October 9 marked the deadline for five Birmingham companies to respond to a notification by the Environmental Protection Agency implicating them as the potential sources of pollution at the North Birmingham Superfund site. Due to the government shutdown, however, the EPA has since been unresponsive, according to representatives of the companies.
The effort to clean up the North Birmingham Superfund site, which includes sections of Collegeville, Fairmont and Harriman Park, was initiated by the EPA in 2012 after test results showed toxic levels of arsenic, lead and other pollutants in the soil of the residential communities, according to the EPA website.
Walter Coke, a major coke manufacturer in Birmingham, was the first company to be cited by the EPA in 2012 for the cleanup of the contaminated properties. The EPA has set up a field office in north Birmingham to test roughly 1,200 properties. The test results have indicated more parties may potentially be responsible for the pollution, as made evident by the recent EPA notification.
Two weeks prior to last week’s deadline, Walter Coke, Drummond Coal, Alabama Gas Company, KMAC and U.S. Pipe each received a letter from the EPA. The letter stated, “At this time, the EPA would like to offer your client the opportunity to perform certain removal activities at the Site. The EPA typically uses Regional Removal Management Levels (RMLs) to assist the EPA and others in determining whether a removal action is appropriate at Superfund sites. Based on sampling results, approximately 400 properties exceed the RMLs for lead, arsenic and/or polycyclic aromatic hydrocarbons.”
According to the EPA notification, which can be found on the agency website, they plan to use a phased approach in the cleanup by initially addressing 50 high risk properties. The notification stated that the potential parties would be given to opportunity to conduct the first phase of the removal action.
Of the five companies that received notifications, only Walter Coke and KMAC responded to questions from Weld regarding the recent developments.
Dennis Hall, the corporate communication director for Walter Coke, said that his company was surprised to be named as one of the Potentially Responsible Parties (PRPs). “They sent us a letter, but they didn’t tell us what they found or the percentages or anything else. It would be like if you sent me a letter saying you we going to sue me but I don’t know why or the reason. We’re waiting on them to give us the results of their test,” Hall said. He went on to say that his company has not responded to the letter and has yet to hear anything from the EPA.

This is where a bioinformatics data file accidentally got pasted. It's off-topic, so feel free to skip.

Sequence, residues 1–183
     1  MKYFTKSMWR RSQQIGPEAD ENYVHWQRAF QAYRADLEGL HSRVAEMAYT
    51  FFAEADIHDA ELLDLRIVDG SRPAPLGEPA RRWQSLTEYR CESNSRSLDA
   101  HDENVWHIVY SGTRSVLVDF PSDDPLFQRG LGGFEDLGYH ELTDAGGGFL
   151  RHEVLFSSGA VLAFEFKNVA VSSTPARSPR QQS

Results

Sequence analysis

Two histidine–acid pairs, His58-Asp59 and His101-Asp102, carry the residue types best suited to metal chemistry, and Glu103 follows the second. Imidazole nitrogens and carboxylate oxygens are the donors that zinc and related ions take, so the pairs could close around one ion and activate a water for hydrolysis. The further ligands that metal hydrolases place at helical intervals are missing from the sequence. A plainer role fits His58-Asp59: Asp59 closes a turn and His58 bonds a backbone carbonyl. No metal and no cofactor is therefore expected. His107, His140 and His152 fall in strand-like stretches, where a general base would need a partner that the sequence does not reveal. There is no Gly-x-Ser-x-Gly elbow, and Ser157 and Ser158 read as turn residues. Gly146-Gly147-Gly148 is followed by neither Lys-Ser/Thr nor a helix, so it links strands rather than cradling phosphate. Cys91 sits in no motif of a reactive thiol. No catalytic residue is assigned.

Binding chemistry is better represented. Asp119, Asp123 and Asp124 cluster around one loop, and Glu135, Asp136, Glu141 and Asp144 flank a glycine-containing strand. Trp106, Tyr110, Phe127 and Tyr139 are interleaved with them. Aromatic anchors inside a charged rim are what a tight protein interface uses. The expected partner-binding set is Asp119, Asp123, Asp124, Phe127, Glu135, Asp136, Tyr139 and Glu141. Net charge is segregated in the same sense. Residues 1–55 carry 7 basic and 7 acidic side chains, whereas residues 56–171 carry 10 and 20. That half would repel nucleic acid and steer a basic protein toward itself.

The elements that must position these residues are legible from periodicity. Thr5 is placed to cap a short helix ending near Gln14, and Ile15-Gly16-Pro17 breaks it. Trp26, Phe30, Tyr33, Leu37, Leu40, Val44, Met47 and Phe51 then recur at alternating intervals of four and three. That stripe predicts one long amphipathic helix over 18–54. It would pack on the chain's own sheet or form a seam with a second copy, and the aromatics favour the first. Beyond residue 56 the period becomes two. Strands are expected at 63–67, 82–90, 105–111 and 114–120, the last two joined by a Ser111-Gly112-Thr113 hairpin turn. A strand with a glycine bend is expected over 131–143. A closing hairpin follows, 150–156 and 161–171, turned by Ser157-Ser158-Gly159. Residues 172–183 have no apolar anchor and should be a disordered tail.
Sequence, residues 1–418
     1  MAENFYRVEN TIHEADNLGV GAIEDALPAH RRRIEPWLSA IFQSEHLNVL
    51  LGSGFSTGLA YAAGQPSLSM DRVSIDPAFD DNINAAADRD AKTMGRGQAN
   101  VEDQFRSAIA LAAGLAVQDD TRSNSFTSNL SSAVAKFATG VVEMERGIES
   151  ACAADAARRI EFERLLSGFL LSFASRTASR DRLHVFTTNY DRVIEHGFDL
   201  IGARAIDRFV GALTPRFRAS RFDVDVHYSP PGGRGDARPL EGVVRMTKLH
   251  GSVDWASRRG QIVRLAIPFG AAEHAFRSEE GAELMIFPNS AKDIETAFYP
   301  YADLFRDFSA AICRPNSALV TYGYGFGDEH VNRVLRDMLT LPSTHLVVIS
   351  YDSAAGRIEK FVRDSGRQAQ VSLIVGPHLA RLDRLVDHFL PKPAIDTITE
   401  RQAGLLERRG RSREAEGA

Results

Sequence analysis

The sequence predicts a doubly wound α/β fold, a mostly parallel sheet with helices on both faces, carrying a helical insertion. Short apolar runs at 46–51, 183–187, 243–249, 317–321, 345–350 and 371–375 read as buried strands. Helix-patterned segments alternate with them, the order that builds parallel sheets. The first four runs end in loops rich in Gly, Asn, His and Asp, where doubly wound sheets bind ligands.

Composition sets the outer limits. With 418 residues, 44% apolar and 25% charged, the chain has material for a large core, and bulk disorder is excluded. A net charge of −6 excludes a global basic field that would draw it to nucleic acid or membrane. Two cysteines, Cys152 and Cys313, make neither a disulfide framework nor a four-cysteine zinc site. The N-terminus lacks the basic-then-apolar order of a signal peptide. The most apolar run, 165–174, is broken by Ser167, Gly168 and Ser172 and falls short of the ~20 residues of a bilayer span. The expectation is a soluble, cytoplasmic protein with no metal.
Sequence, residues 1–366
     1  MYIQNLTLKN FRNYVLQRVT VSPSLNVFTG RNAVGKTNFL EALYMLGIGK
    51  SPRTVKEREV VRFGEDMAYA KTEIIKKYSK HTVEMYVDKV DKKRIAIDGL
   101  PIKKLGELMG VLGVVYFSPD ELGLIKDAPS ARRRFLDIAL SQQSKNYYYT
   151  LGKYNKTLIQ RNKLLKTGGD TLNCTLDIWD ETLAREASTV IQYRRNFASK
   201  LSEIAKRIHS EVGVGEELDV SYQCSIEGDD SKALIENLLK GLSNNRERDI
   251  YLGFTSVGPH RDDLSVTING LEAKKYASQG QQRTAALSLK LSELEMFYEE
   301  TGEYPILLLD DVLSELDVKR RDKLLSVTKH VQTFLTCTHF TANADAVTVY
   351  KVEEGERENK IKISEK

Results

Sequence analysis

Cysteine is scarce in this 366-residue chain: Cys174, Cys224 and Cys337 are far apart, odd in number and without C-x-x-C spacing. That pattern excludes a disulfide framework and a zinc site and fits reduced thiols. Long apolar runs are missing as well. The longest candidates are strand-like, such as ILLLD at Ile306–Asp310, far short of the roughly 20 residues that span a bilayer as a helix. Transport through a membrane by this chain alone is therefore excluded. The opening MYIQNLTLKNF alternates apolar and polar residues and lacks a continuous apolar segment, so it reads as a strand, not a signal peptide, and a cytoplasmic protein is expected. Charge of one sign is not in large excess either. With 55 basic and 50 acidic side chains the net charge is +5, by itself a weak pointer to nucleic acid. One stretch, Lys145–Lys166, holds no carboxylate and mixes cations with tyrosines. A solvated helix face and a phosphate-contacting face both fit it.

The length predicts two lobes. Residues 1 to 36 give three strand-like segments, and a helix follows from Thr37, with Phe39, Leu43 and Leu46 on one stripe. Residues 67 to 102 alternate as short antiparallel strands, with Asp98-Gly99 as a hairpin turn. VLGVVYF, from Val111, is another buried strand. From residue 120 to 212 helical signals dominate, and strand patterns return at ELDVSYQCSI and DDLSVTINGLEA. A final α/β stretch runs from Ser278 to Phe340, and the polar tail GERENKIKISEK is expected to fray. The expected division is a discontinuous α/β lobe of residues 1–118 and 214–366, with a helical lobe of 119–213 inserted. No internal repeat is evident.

The notification stated that, “The EPA would like to receive your written response to this General Notice letter no later than fourteen calendar days from the date of this letter. In addition, the EPA would like to offer you the opportunity to meet and discuss this matter and to answer any other questions you may have regarding the Site.”
“How can we respond?” Hall said. “We don’t know anything.”
Robert Klinner, the vice president of KMAC, one of the companies cited by the EPA, said that he, like Hall, is unsure why his company could potentially be responsible for the cleanup of the Superfund site.
“’We received a letter and we responded. We then set up a meeting with them and they canceled. And that’s where we are. We actually had the meeting set up for the day the government shut down. We actually don’t know anything at this point. We haven’t heard any statements from the EPA saying exactly what we did. It didn’t say anything such as, ‘You did this’ or ‘You did that.’ We just don’t know what we’re being accused of or suspected of. I assume we will have that meeting when the government reopens. In other words, we plan to,” Klinner said.